All About Florida Bail Bonds

July 7, 2021 Criminal Defense

Getting arrested does not mean you will spend a significant amount of time in jail following your arrest. In Florida, after a person is booked into jail, there may be a bond set by a judge on the arresting papers. If so, that person is eligible to be released from jail by paying bail. Bail is a refundable deposit that allows someone who has been arrested for a crime to be released from jail before their trial date. Florida Statute § 903.011 defines bail as “any and all forms of pretrial release.” This is commonly money or property that is offered as collateral to ensure that you will appear in court on your scheduled trial date.   

Bail vs. Bond: What’s the Difference?

Bail is the monetary amount set by the judge that is put up as security to assure that the defendant will appear for trial. This amount varies according to the crime.

A bond is the bondsman’s pledge to the courts that the defendant will be present at every required court appearance. In Florida, the bail bondsman will put up the full amount of the bond with the court and, in return, is paid a 10% nonrefundable fee. If the defendant misses an appearance, the bondsman will attempt to locate the defendant and return them to jail. If the bondsman is not able to locate the defendant within 60 days, he will be required to pay the full amount of the bond.

Bail Hearing

Before getting out of jail, a bond must be granted by a judge. After an arrest, the judge can set a bail amount, along with other conditions of release. Florida Statute § 903.046(2) provides several factors that the court considers when determining whether to release a defendant on bail. These include, but are not limited to:

  1. The nature and circumstances of the offense charged.
  2. The weight of the evidence against the defendant.
  3. The defendant’s family ties, length of residence in the community, employment history, financial resources, and mental condition.
  4. The defendant’s past and present conduct, including any record of convictions, previous flight to avoid prosecution, or failure to appear at court proceedings.
  5. The nature and probability of danger which the defendant’s release poses to the community.

What Are Your Options?

  • Stay in jail and await disposition of the case;
  • Stay in jail and wait for a bond reduction hearing if the bond is larger than you can or are willing to pay;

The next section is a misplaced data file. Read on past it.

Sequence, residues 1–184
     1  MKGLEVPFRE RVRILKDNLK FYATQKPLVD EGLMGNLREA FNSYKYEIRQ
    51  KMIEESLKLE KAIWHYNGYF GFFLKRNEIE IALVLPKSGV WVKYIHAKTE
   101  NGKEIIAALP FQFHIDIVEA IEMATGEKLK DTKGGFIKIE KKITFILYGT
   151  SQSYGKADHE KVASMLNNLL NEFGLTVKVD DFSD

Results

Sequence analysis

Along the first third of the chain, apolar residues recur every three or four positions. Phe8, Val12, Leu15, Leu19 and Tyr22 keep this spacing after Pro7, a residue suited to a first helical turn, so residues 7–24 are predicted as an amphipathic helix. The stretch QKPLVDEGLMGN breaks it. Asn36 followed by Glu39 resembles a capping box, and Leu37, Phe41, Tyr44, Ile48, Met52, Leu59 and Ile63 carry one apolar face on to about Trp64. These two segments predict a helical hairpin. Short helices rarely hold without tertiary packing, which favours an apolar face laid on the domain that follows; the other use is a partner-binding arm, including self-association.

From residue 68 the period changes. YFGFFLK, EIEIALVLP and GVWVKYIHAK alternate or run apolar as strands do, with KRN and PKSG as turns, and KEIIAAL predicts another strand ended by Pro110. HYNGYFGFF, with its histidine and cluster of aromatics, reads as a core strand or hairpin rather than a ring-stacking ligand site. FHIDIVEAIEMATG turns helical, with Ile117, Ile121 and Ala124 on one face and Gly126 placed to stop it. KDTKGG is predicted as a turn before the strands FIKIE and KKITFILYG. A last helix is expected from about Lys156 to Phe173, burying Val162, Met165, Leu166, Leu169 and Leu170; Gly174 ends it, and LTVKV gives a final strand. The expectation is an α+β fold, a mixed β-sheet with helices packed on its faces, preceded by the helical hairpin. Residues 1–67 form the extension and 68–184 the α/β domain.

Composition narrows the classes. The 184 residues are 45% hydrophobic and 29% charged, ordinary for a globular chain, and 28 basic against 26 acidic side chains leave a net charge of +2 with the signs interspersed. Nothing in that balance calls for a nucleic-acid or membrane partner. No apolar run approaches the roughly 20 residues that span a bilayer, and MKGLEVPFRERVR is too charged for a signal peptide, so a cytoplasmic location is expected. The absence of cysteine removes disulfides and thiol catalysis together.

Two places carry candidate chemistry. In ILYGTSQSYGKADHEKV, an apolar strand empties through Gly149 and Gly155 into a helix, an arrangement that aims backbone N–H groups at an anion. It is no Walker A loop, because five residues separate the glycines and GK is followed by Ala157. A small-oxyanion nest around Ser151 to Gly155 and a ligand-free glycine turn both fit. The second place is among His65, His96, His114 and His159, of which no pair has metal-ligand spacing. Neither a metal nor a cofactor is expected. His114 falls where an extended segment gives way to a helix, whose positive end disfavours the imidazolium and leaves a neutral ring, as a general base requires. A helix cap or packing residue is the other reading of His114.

• Put up the full amount of the bond in cash (this can be paid by anyone);
  • Call a bondsman, who will charge 10% of the face amount of the bond.

What Happens to the Money?

When a person pays the full amount of the bond in cash, most of this money is returned when the case is over. A cash bond will be used to pay court fees, court costs, and criminal penalties as dictated by Florida Statute Section 903.286. If sufficient funds are not available to pay unpaid costs, the clerk of court will either obtain payment from the defendant or enroll the defendant in a payment plan. When a person uses a bail bondsman, the 10% fee will not be returned.

What Happens if the Court Denies Bond?

Judges may deny bond if it can be proven by clear and convincing evidence that the individual charged would pose an imminent threat to the community. If the court initially denies bond, an attorney may file a motion to set a reasonable bond and set a motion for a bond hearing to offer evidence to challenge this determination. Click here to learn more about emergency bond hearings. At the bond hearing, the court will consider the nature and seriousness of the charges, the amount of evidence against the accused, and the accused’s ties to the community. There is a greater chance of setting a reasonable bond when the charge is less serious, there is less evidence, and the accused has strong ties to the local community. Contact a criminal defense lawyer in Tallahassee today to assist with your bond hearing.

Hire an Experienced Florida Criminal Defense Attorney

The Pumphrey Law legal team is ready to fight to get you or your loved one released from custody as soon as possible. Don Pumphrey and the firm have more than two decades of combined legal experience with the Florida criminal justice system. Call (850) 681-7777 or send an online message today to discuss your rights during an open and free consultation with an attorney in our legal team.

This article was written by Caroline Calavan

Caroline Calavan Pumphrey Law

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